Euro rate gives windfall for farmers
FARMERS will reap a “bonus harvest” of payments from Europe as a result of sterling's dramatic collapse in value, it was confirmed last night.Single farm payments will be worth about 15pc more than last year and will boost the industry's income in England and Wales by an estimated �350m, said leading Norfolk consultant David Bolton.
FARMERS will reap a “bonus harvest” of payments from Europe as a result of sterling's dramatic collapse in value, it was confirmed last night.
Single farm payments will be worth about 15pc more than last year and will boost the industry's income in England and Wales by an estimated �350m, said leading Norfolk consultant David Bolton.
The euro's value was fixed yesterday by the European Commission at 90.93p. This is used by the Rural Payments Agency to calculate the precise amount owed to farmers from December 1.
Mr Bolton said: “It is a very welcome and unexpected fillip at an otherwise tense time. The tensions are because of drought in the east, low potato values and grain prices and further concern about how much damage is going to be done to the sugar beet crop trying to get it out.”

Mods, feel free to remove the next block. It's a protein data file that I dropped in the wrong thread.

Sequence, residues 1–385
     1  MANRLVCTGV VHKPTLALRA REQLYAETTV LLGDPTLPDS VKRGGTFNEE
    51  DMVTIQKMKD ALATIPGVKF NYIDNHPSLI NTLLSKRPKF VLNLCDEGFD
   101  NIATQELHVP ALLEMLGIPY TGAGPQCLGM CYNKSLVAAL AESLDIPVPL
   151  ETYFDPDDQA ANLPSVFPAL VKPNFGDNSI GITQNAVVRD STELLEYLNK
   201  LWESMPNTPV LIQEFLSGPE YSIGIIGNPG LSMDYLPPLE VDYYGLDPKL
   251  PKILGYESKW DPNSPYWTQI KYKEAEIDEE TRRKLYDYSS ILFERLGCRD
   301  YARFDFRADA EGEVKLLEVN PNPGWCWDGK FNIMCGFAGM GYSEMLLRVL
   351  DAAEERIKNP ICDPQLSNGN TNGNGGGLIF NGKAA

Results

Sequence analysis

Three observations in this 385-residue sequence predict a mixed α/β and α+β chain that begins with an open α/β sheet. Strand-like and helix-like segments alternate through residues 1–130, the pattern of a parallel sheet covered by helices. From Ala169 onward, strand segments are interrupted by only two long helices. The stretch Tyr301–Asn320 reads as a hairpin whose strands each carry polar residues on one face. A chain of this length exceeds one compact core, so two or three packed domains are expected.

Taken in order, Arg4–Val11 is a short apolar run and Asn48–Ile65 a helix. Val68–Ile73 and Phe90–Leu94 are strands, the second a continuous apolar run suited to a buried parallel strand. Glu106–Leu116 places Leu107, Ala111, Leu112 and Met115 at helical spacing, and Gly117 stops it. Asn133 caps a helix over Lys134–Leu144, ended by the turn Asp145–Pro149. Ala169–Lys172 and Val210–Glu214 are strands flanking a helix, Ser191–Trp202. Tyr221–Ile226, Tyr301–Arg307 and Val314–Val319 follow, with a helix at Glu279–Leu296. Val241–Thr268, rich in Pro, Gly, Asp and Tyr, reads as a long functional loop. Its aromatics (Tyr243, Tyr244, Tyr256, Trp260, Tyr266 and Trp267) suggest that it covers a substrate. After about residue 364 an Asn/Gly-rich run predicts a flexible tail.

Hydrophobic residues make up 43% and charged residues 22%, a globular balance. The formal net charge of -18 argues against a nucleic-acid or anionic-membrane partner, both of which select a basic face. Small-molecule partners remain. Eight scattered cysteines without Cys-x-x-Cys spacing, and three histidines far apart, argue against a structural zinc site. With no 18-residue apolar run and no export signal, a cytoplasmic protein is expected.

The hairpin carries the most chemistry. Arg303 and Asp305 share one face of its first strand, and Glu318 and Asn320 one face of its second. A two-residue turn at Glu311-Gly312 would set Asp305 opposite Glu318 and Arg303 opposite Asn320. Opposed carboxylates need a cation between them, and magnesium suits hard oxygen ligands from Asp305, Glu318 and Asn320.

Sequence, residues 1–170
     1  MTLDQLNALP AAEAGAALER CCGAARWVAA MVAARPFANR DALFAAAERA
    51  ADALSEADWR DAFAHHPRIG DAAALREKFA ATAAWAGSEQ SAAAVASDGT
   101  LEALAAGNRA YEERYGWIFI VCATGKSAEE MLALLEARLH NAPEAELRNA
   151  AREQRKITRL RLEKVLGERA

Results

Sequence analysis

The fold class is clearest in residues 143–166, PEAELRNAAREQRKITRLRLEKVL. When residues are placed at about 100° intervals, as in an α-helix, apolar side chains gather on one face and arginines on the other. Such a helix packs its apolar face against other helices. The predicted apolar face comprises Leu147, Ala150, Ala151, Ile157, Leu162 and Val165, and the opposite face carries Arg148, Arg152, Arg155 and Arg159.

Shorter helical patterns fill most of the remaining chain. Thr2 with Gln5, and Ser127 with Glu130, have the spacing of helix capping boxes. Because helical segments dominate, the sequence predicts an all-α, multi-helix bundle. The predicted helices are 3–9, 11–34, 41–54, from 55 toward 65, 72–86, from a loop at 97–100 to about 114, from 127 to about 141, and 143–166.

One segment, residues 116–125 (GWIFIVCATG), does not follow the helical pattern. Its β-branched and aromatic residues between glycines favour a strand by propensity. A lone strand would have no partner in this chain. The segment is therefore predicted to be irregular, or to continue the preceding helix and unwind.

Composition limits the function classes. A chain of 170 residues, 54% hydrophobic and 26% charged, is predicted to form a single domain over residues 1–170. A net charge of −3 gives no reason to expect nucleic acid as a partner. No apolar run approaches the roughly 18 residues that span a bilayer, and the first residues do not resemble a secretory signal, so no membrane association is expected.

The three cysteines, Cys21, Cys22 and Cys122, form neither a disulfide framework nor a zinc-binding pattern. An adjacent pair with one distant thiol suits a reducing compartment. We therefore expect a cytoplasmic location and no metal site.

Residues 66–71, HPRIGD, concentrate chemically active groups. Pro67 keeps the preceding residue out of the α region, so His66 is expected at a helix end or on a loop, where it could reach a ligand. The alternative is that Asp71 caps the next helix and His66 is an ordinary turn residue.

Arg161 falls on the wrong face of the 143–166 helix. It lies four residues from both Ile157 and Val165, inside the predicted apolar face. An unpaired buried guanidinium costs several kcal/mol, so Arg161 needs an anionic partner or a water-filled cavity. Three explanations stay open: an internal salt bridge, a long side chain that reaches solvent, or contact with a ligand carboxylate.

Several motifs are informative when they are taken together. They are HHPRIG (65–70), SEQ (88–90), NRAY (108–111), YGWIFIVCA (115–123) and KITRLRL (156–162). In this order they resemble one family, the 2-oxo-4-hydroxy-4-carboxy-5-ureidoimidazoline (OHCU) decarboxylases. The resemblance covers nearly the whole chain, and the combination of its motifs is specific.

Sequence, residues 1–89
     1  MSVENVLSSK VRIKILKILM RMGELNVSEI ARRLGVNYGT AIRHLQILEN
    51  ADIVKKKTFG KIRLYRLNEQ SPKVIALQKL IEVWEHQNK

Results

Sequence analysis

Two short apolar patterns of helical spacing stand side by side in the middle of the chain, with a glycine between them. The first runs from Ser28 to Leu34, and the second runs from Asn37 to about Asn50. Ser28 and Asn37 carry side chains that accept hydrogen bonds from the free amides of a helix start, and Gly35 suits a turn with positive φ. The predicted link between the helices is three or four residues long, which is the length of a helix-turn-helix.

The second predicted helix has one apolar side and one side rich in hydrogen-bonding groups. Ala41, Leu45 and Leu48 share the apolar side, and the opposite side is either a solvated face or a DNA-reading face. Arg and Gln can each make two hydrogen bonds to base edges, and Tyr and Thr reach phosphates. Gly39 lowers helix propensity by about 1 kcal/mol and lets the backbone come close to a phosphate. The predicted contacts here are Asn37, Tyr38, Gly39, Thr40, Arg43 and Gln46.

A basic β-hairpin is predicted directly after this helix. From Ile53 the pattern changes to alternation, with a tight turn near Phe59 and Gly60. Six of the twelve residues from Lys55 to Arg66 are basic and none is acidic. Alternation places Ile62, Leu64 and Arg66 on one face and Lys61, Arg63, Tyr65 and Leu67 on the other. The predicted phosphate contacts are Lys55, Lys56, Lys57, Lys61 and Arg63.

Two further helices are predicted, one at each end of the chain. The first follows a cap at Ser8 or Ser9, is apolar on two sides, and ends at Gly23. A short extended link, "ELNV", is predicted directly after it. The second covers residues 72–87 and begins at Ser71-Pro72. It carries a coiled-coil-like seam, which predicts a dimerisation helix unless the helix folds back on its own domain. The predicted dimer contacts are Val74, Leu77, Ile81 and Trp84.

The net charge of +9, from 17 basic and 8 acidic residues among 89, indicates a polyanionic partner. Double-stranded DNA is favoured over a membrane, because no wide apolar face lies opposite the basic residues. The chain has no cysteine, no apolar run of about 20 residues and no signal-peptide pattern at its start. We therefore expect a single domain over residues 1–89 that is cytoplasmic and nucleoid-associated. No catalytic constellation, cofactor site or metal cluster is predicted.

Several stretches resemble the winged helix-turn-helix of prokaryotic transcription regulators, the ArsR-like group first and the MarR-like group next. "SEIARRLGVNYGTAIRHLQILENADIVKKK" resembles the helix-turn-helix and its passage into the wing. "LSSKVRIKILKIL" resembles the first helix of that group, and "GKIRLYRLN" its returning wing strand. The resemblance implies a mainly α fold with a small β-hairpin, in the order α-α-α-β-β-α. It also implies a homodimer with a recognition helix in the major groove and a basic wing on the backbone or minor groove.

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“It has been a gamble but in the event everybody has done well,” he added. It was just five weeks ago that the euro was worth 87p, so it has moved significantly to farmers' advantage over a very short timescale.
Mr Bolton, who is based at Bridgham, near Thetford, said that a year ago the euro rate for single farm payments was 79p. “As a result there has been a significant increase in the value of single farm payments since last year.” And two years ago, the rate was 69.6p while it was 67.7p in 2006, he said.
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Under the single farm payment scheme in England and Wales, all claims are subject to “modulation” or deductions at the rate of 19pc for the forthcoming year.
The Treasury also benefits because it retains this 19pc - up from 18pc last year - of the value of payments, said Mr Bolton.
But if sterling started to appreciate against the euro, then farmers could be hurt as the value of payments would be cut, he warned.
“We have got the prospect of rampant inflation to come and horrible demands on our cash. I don't see the pound stiffening materially for quite a while,” warned Mr Bolton.